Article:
What is the prognosis of migraine in children?

Updated: Aug 15, 2019
  • Author: William C Robertson, Jr, MD; Chief Editor: Amy Kao, MD  more...
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Although migraine has long been considered a benign and self-limited condition, it can significantly impact the patient's life. The pain is often intense, and often the patient cannot concentrate or function effectively during or immediately after episodes. An estimated 65-80% of children with migraine attacks interrupt their normal activities because of the symptoms. Among 970,000 self-reported migraineurs aged 6-18 years, 329,000 school days were lost per month.

The burden of migraine may cause emotional changes such as anxiety or sadness. One study found a higher frequency of suicidal ideation in adolescents with migraine. [10]

The course and severity of migraine may be influenced by a variety of factors, including stress, depression, sleep deprivation, overuse of analgesics, and hormonal fluctuation. Appropriate diagnosis and treatment of migraine can significantly improve quality of life.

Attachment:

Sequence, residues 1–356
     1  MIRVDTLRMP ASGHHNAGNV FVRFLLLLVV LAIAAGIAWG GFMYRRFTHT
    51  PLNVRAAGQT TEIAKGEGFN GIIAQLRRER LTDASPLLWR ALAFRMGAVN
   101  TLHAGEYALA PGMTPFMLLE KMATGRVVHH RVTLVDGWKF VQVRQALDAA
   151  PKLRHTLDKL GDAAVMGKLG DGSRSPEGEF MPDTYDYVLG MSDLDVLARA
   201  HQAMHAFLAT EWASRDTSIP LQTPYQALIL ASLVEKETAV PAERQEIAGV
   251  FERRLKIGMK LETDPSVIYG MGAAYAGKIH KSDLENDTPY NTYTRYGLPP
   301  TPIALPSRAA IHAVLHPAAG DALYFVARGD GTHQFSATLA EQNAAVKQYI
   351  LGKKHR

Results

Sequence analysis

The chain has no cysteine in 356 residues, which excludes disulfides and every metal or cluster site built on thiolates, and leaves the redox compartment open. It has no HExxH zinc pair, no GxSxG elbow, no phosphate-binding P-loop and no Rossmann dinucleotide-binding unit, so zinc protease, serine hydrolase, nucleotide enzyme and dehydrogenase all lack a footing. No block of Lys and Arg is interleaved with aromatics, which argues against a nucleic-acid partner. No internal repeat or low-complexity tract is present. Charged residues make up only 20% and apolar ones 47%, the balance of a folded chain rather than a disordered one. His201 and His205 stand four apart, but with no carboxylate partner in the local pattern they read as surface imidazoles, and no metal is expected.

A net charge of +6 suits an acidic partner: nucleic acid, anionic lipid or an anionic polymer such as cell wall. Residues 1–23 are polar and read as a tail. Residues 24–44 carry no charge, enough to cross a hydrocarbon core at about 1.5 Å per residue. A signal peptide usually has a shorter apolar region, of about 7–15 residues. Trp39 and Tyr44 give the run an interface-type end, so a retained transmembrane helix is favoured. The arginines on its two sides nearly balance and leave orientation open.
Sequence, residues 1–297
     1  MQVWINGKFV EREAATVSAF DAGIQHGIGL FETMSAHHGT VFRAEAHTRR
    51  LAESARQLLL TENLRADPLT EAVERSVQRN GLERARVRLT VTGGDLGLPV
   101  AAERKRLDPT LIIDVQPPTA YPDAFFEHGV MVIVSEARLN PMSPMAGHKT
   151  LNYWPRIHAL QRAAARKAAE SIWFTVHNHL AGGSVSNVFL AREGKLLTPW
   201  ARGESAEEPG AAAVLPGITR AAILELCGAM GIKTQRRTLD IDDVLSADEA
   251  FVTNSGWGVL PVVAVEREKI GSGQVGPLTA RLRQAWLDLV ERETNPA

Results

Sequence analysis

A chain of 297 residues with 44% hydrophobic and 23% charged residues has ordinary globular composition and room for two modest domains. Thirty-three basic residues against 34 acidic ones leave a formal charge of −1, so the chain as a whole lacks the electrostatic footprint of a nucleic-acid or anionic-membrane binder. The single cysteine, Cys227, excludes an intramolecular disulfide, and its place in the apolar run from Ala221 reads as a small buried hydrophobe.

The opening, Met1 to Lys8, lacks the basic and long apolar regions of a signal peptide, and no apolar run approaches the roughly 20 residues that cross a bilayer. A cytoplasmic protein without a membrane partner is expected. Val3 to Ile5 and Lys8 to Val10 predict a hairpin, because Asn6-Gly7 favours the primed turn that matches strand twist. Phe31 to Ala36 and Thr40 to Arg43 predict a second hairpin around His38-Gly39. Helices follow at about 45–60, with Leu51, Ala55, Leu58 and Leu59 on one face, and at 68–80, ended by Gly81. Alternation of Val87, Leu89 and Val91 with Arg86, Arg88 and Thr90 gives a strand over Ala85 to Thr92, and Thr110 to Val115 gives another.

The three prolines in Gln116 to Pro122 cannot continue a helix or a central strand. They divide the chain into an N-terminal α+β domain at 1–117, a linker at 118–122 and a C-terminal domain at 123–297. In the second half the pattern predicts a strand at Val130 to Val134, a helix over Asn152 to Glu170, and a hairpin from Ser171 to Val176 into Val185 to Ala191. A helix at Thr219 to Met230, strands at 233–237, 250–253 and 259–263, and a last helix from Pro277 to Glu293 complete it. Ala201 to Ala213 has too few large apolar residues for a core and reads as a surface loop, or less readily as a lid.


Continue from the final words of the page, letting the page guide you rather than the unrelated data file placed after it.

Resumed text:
In one of the few longitudinal studies of migraine patients, Bille observed 73 children with migraine for 40 years. During puberty or young adulthood, 62% of the children were migraine free for at least 2 years; approximately 33% of these children regained regular attacks after an average of 6 migraine-free years, and a surprising 60% of the original 73 children still had migraine attacks after 30 years. In 30 years, 22% of the children never had a migraine-free year. [9]

At age 50 years, more than half the migraine group still had migraine attacks. A recall bias was found; several subjects in midlife (41%) could not remember that they experienced aura symptoms. Of those who became parents, 52% had at least 1 child in their present or previous families who developed recurrent headache, probably migrainous.

Another study assessed the 5-year follow-up outcome and possible prognostic factors of migraine subtypes with onset in childhood or adolescence. A total of 343 patients meeting the International Classification of Headache Disorders (ICHD)-II criteria for migraine without aura (MO), migraine with aura (MA), or both MO+MA (ie, 1.1, 1.2) were contacted by phone and underwent structured follow-up headache interviews. Of the original sample patients, 22.7% were headache-free at follow-up, 14.1% had a transformed headache diagnosis (tension-type headache: 8.2%, chronic daily headache: 5.8%), and 63.3% still had migraine fulfilling the criteria for ICHD-II 1.1. or 1.2, but those who were still migraineurs at follow-up were older at baseline (respectively 12.93, 9.99, and 11.02 years for MO, MA and MO+MA,P= .0005). The probability of having the same migraine subtype diagnosis at baseline and at 5-year follow-up was 55.2%, 95.1%, and 31.1% for ICHD-II 1.1, 1.2, and both 1.1 and 1.2, respectively. [11]

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